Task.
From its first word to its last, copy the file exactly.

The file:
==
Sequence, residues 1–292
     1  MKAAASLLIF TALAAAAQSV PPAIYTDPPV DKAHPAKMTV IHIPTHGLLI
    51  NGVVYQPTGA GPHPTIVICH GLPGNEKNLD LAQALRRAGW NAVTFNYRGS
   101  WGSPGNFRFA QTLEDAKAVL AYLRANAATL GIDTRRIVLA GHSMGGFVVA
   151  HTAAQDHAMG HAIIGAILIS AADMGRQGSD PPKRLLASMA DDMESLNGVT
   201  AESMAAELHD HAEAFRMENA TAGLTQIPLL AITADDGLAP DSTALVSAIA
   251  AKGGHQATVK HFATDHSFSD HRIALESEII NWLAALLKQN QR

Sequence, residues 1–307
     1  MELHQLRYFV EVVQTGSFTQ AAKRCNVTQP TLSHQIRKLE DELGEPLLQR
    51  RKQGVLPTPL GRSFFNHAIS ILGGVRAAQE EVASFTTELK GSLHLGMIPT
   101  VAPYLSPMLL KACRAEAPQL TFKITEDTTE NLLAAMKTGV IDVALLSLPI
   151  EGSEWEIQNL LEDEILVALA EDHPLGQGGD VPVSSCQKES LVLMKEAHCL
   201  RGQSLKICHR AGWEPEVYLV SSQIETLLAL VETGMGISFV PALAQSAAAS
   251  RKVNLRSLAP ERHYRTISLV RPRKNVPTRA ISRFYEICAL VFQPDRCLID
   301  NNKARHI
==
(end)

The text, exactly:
Sequence, residues 1–292
     1  MKAAASLLIF TALAAAAQSV PPAIYTDPPV DKAHPAKMTV IHIPTHGLLI
    51  NGVVYQPTGA GPHPTIVICH GLPGNEKNLD LAQALRRAGW NAVTFNYRGS
   101  WGSPGNFRFA QTLEDAKAVL AYLRANAATL GIDTRRIVLA GHSMGGFVVA
   151  HTAAQDHAMG HAIIGAILIS AADMGRQGSD PPKRLLASMA DDMESLNGVT
   201  AESMAAELHD HAEAFRMENA TAGLTQIPLL AITADDGLAP DSTALVSAIA
   251  AKGGHQATVK HFATDHSFSD HRIALESEII NWLAALLKQN QR

Sequence, residues 1–307
     1  MELHQLRYFV EVVQTGSFTQ AAKRCNVTQP TLSHQIRKLE DELGEPLLQR
    51  RKQGVLPTPL GRSFFNHAIS ILGGVRAAQE EVASFTTELK GSLHLGMIPT
   101  VAPYLSPMLL KACRAEAPQL TFKITEDTTE NLLAAMKTGV IDVALLSLPI
   151  EGSEWEIQNL LEDEILVALA EDHPLGQGGD VPVSSCQKES LVLMKEAHCL
   201  RGQSLKICHR AGWEPEVYLV SSQIETLLAL VETGMGISFV PALAQSAAAS
   251  RKVNLRSLAP ERHYRTISLV RPRKNVPTRA ISRFYEICAL VFQPDRCLID
   301  NNKARHI